abbas wrote:One other thing.....
Say if i want to marry my gf but only if she converts to Islam, will she be able to convert but remain Bahai since she doesnt remove her membership from the Bahai rolls? (will the Bahai's still accept her?)
One thing that the Baha'i Faith is very strict about, is pretending to be a member of another Faith. This is strongly prohibited, even when the cost to the Baha'i is significant. For example, Iranian Baha'is who identified themselves as Muslims in order to escape Iran, and fled through Pakistan or Afghanistan, had their administrative rights removed (this is sharply distinct from Covenant-breaking.) They are not permitted to attend certain Baha'i meetings, or give to the Baha'i Funds, or go on Pilgrimage, or participate in Baha'i elections, or hold elected office, or be an official Baha'i speaker. The last I heard, the policy of the House of Justice was that it was not entertaining requests for reinstatement of administrative rights in this instance. That is, these Baha'is will have their membership rights removed for a long time.
On this topic, Shoghi Effendi's secretary wrote to a Baha'i couple as follows, stating that identifying themselves as anything but Baha'is would result in the deprivation of their administrative rights:
"The Beloved Guardian has directed me to write you concerning information which he has just received of your having indicated your application for permanent residence in ..., that you were Protestants -- and you did not indicate in any way that you were Baha'is.
"The Guardian has instructed me to inform you that he is shocked and surprised to receive this news, and this action meets with his disapproval. He said that if advance information has been given that such action must not be taken under any circumstances; then there would be only one thing he could do and that would be removal of voting rights.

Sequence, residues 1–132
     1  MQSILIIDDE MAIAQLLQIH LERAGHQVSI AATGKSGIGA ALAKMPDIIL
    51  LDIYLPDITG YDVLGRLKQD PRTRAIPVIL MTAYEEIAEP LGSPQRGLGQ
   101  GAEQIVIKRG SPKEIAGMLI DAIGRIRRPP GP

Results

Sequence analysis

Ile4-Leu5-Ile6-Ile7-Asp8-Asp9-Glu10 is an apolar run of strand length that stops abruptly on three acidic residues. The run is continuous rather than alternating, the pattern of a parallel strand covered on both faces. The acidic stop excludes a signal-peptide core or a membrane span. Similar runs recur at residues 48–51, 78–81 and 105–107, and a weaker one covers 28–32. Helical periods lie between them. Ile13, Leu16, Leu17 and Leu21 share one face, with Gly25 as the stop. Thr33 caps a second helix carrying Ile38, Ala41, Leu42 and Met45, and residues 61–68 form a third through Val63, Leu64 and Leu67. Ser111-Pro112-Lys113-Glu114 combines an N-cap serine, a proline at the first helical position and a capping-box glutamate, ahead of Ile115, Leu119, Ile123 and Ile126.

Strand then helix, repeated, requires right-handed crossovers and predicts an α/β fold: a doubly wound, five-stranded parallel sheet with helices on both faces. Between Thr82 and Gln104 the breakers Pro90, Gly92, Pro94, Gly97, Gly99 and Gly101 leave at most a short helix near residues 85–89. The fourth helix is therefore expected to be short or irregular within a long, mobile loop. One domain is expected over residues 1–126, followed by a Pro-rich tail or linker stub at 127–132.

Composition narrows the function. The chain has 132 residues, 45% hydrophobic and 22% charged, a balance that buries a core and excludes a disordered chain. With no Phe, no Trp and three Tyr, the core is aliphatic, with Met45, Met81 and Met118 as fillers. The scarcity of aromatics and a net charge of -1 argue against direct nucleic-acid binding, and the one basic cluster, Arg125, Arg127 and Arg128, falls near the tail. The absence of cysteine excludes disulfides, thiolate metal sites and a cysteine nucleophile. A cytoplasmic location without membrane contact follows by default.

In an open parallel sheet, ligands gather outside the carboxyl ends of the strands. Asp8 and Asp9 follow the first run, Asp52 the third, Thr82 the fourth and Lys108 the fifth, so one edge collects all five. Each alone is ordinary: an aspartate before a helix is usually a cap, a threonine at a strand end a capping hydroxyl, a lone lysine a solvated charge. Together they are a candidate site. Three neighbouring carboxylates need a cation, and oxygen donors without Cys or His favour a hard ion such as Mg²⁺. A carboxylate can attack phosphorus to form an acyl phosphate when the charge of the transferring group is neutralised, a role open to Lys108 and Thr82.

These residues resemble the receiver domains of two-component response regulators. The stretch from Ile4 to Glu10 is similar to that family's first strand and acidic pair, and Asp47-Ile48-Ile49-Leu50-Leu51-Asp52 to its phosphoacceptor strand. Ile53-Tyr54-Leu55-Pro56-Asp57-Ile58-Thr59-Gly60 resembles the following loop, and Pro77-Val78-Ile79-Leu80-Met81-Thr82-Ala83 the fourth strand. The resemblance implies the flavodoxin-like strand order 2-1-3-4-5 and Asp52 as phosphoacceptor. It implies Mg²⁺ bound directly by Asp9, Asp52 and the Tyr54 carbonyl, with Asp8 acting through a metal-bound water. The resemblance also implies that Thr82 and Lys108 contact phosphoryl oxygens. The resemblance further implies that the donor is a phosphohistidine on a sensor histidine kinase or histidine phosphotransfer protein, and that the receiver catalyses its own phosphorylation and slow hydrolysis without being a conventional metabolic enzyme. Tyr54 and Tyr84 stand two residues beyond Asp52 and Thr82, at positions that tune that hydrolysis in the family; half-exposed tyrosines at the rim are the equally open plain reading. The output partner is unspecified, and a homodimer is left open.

"Certainly such action in the future would result in immediate removal of voting rights.
"In Persia, even during the period of persecution, when life was in danger, and complete freedom offered to those who indicated they were Muslims and not Baha'is, the Guardian not only deprived anyone who did not openly declare his Faith of his voting rights, but even indicated they were Covenant breakers.
"Thus you will see that it is completely inconsistent for a Baha'i under any circumstances whatsoever, to indicate they are anything but a Baha'i, regardless of what the result may be."
(From a letter written on behalf of Shoghi Effendi to two believers, April 30, 1957; Lights of Guidance, p. 61, #215)
As to marrying in another Faith, where the Baha'i is deemed to be a member of that Faith, the policy is also clear:
"... As the Guardian pointed out..., no Baha'i can conscientiously swear to bring up his children in another religion; and of course he has no right to lie; therefore it becomes impossible for him to make such a promise on his marriage to a non - Baha'i. Any Baha'i doing this should be deprived of his voting rights; and, as he has already made plain before, Baha'is who go to the church and are married as Christians must also of necessity be deprived of their voting rights." (Lights of Guidance, p. 51 #180)
Shoghi Effendi's secretary wrote on his behalf:
". . . your husband has no right to ask you to give up being a Baha'i. That is going too far. Nobody should trespass on the sacred bond every human being has a right to have with their Creator." (From a letter dated 20 April 1957; The Compilation of Compilations vol. I, p. 411, #909)
It is permitted for a Baha'i to have a marriage ceremony in a church or synagogue or mosque, provided that the Baha'i is not deemed to have become a member of that religious congregation, and provided that on the same day there is a Baha'i ceremony in which the non-Baha'i spouse participates. Marriage in a church or mosque is fine, so long as the Baha'i is not deemed to have given up his or her faith. And if a Baha'i attempts to circumvent the marriage law by resigning from the Baha'i Faith, having the ceremony without following the Baha'i teachings, then re-applying to join the Baha'i Faith, they will not be accepted. This ruse has been addressed by the House of Justice.
But many, many Baha'is have had two ceremonies, one Baha'i and one in their spouse's church; and there is no stigma whatsoever attached to this.